Okay, for all you Barth-haters out there I’ve got to admit that this section Barth’s Church Dogmatics, the Triunity of God, is- ahem- boring.
Head-scratchingly impenetrable you could say.
But what’s interesting to me is why Barth gets so unclear precisely as he attempts to clarify the doctrine of the Trinity. I think the confusion is the result of Barth’s very Western attempt to stress how the Three (Father, Son and Spirit) are of one being, substance.
Scripture clearly gives us the grounds to speak of God as Trinity.
Paul speaks of “God and his son Jesus.”
Matthew, Mark and Luke affirm that as the Son was baptized by John, God the Father spoke and the Spirit descended upon the Son.
Christians were baptizing in the name of the Trinity long before the New Testament was formed or before the doctrine of the Trinity was fleshed out formally.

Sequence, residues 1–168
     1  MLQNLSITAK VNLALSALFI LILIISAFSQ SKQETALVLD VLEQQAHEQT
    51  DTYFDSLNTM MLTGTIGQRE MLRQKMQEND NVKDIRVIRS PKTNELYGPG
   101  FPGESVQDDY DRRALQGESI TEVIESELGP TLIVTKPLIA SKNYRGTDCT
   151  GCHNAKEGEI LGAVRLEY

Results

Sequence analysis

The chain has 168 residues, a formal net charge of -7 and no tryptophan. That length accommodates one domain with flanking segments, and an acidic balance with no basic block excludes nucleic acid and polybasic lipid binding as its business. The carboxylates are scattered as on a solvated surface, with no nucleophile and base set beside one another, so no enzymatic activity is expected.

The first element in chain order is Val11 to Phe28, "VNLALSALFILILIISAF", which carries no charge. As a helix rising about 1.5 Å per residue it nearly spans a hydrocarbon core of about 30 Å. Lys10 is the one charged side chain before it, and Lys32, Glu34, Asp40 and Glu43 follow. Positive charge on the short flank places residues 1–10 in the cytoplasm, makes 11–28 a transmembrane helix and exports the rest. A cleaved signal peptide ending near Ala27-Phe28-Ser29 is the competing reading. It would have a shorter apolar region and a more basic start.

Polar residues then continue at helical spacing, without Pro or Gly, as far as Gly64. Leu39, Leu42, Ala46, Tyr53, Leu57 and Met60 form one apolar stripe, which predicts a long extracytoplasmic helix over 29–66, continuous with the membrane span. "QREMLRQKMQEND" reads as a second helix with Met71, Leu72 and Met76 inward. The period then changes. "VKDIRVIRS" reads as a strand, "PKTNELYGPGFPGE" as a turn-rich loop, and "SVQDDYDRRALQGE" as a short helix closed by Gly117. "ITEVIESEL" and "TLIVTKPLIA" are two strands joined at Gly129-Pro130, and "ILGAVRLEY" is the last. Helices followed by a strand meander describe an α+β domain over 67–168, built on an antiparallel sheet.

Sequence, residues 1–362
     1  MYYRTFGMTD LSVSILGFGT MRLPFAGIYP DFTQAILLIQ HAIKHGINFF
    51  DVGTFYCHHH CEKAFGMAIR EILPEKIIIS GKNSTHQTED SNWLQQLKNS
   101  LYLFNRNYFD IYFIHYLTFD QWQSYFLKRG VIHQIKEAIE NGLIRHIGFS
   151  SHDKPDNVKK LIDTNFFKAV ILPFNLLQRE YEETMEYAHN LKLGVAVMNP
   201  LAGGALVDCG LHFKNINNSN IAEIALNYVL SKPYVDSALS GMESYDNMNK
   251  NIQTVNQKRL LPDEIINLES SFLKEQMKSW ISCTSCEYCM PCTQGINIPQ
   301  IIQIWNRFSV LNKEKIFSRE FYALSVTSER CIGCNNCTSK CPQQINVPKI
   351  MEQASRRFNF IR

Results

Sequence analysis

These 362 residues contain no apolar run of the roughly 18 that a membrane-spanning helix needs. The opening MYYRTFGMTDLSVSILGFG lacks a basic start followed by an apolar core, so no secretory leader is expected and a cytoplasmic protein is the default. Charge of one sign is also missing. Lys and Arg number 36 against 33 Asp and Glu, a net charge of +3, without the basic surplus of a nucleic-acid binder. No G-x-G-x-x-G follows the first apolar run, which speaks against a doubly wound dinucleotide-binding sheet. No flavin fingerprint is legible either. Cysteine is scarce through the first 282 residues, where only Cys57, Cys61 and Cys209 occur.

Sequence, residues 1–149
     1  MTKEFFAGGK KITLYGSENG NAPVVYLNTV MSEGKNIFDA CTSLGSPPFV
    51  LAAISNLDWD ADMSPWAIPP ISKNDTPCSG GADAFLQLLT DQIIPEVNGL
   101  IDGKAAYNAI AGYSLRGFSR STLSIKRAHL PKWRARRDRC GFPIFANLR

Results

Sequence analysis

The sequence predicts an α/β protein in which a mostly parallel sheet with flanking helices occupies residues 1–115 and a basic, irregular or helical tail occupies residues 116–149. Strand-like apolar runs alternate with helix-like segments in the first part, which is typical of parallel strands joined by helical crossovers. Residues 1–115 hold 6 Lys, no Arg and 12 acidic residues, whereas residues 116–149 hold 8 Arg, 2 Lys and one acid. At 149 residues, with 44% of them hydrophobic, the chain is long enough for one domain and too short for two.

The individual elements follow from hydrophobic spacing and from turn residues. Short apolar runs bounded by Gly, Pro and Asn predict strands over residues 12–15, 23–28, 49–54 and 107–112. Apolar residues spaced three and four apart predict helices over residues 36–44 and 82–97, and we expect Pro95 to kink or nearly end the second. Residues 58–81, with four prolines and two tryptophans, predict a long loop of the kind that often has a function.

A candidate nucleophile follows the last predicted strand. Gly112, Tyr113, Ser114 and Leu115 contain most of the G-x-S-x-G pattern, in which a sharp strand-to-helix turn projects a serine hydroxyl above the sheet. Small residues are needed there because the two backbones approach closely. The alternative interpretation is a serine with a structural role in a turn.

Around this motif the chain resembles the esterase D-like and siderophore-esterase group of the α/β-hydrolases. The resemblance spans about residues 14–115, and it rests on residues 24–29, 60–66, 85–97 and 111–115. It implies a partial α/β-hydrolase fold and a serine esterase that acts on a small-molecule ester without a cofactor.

Trinity, as I’ve posted before, is the Church’s way of holding the revelation of the Old and New Testaments together as one continuous witness.
It’s the Church’s grammar, securing the most fundamental of Christian convictions: God is at least as nice as Jesus.
In contrast, the Eastern Orthodox Church historically has been more comfortable speaking of the Three not so much in their (singular) unity but in their diversity or, better put, as community. In the West, where Christianity so often manifests itself as individual, private piety, I’ve always found the Eastern perspective on the Trinity a helpful corrective.
After all, if God is fundamentally a community of 3 persons and we’re made in this God’s image, then we’re most fully alive, most fully human, most who God intended us to be when we are in community with others.